Here's a table that I think should boil things down to the most simple:
┃ type ┃ S │CE/CI/Z┃
┣━━━━━━━━━━━━╋━━━━━━━┿━━━━━━━┫ │ Where
┃ distinción ┃ /s/ │ /θ/ ┃ │ /s/ is like English S
┠────────────╂───────┼───────┨ │ as in [s]ing
┃ seseo ┃ /s/ │ /s/ ┃ │ /θ/ is like English TH
┠────────────╂───────┼───────┨ │ as in [th]istle
┃ ceceo ┃ /θ/ │ /θ/ ┃
The majority of Spanish speakers in Spain and Equatorial Guinea speak with distinción, that is, they distinguish the Z and soft C from the S. This doesn't mean, as it might sound to English ears that they speak better, just that they literally distinguish the two sounds. For someone from Madrid, caza sounds like what in English would be catha but casa instead is like cassa.
The overwhelming majority of Spanish speakers, though, including virtually all speakers from Latin America, are seseantes. That means they say pronounce words like caza and casa, or cocer and coser identically and when they pronounce them, the Z, soft C, and S sound like the English S. In other words, they pronounce caza and casa like someone from Spain would pronounce casa. (hence seseo, or using S)
A minority of Spanish speakers situated in South Spain, are ceceantes (there are also a few small pocket areas in Latin America that are too). They, like seseantes pronounce caza and casa the same. But the sound they use for the second consonant much more closely matches the one that someone from the North would use to pronounce caza. Technically, the sound is [s̪̟], but it's close enough that the term ceceo developed.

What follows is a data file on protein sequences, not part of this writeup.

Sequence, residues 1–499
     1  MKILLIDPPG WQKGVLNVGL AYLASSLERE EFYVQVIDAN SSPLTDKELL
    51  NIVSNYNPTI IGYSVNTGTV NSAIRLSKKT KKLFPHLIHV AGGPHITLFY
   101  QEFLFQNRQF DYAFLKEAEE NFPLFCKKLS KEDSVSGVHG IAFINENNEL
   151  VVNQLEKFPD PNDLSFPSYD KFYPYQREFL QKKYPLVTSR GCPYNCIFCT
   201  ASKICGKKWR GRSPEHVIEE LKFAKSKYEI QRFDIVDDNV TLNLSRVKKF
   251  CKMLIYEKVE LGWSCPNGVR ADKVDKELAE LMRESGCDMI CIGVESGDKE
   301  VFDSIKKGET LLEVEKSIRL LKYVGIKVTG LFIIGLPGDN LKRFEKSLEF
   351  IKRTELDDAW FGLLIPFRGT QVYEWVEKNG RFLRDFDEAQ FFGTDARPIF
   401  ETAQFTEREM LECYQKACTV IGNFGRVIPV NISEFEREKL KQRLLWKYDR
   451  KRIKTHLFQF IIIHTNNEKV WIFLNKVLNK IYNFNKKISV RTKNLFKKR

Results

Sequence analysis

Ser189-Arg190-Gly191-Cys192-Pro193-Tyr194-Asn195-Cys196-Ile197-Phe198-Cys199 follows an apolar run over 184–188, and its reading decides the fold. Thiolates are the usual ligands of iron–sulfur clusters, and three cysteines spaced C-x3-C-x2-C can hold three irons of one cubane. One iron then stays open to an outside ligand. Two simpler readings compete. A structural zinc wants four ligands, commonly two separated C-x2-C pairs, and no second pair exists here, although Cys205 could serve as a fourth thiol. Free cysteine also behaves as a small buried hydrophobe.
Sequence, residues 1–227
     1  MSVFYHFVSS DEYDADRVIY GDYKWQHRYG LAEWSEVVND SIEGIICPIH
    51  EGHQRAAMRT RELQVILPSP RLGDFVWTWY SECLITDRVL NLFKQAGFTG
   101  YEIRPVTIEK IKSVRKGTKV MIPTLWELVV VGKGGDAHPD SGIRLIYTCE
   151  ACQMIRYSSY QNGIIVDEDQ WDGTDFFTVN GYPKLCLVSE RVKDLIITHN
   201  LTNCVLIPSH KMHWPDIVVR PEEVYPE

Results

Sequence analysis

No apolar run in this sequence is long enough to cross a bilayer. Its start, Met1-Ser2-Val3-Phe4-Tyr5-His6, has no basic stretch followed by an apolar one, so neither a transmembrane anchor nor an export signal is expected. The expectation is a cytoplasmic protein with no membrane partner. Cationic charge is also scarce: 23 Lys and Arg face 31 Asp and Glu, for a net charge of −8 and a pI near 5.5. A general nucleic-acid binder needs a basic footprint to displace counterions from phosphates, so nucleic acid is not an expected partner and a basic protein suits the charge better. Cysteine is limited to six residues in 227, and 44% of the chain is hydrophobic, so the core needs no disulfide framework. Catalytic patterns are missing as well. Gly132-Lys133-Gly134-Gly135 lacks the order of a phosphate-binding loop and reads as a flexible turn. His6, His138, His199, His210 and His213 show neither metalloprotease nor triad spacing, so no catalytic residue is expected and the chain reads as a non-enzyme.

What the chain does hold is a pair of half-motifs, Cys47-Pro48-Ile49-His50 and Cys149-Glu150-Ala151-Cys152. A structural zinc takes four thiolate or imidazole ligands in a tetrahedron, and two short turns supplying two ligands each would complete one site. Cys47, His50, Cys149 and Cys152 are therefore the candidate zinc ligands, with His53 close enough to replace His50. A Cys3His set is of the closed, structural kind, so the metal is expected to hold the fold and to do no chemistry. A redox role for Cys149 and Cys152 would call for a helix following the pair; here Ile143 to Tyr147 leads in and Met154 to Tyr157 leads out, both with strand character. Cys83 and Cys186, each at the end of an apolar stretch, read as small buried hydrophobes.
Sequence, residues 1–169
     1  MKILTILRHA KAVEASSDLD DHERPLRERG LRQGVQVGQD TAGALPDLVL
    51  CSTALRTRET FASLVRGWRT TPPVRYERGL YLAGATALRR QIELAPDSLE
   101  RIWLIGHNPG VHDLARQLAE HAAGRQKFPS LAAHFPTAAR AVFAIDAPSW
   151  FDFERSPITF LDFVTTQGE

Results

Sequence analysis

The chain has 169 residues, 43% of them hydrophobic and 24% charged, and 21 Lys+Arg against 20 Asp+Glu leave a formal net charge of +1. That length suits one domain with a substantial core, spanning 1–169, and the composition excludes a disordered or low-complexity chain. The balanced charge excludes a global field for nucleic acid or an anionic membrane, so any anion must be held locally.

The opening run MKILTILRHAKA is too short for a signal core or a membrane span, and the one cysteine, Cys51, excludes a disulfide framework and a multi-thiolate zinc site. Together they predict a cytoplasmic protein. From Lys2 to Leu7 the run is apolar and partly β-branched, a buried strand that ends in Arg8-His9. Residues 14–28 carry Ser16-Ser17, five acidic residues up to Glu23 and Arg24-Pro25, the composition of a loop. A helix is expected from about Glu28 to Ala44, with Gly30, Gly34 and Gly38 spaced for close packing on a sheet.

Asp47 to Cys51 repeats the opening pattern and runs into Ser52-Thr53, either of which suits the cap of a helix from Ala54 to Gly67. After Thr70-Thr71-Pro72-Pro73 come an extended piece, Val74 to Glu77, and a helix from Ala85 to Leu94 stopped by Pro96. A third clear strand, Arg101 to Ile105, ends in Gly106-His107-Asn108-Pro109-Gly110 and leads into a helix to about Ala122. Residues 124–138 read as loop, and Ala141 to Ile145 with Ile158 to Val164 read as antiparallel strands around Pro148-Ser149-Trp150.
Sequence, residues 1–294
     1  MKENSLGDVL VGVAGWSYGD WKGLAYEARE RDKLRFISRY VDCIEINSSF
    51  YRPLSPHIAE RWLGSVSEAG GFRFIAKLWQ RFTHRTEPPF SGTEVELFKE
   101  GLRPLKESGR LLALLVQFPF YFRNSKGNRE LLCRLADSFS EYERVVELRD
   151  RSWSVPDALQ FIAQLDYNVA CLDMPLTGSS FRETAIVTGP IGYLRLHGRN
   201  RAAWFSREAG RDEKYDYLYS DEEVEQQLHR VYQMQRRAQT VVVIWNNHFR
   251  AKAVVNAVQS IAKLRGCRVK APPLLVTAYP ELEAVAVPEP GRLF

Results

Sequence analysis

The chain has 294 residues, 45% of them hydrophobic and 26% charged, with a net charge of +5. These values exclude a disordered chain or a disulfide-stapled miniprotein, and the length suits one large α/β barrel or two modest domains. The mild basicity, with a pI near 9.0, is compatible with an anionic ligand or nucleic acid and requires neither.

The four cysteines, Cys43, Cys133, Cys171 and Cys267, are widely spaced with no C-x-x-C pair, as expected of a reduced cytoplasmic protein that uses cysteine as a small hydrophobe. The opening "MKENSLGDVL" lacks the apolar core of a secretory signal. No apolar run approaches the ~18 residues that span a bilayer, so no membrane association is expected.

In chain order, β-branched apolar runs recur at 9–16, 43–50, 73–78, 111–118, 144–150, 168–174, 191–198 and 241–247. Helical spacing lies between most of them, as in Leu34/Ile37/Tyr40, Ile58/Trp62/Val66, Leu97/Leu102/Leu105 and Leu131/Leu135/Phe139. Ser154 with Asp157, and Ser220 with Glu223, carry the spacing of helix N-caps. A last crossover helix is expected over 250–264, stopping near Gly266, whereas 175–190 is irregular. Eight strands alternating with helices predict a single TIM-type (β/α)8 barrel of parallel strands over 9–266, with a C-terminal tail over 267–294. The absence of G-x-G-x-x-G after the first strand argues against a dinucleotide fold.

All of this came about because in the 13-16th century or so, there were a lot more sounds that were very similar and started getting confused and merged. As a result, even back then before all of the sibilant readjustment had completed they had multiple terms for pronunciations that didn't distinguish: seseo (as [s̺]), çeçeo (as [t͡s]) and zezeo (as [d͡z]].
I'm not entirely sure how someone pronounces the actual word ceceo outside of Spain, but my guess is that they pronounce it with the /θ/ sound, or the closest approximation they can so it's clear they're not saying seseo (and since the word is literally to talk about the sound used in speech, it's justifiable to use an otherwise foreign sound).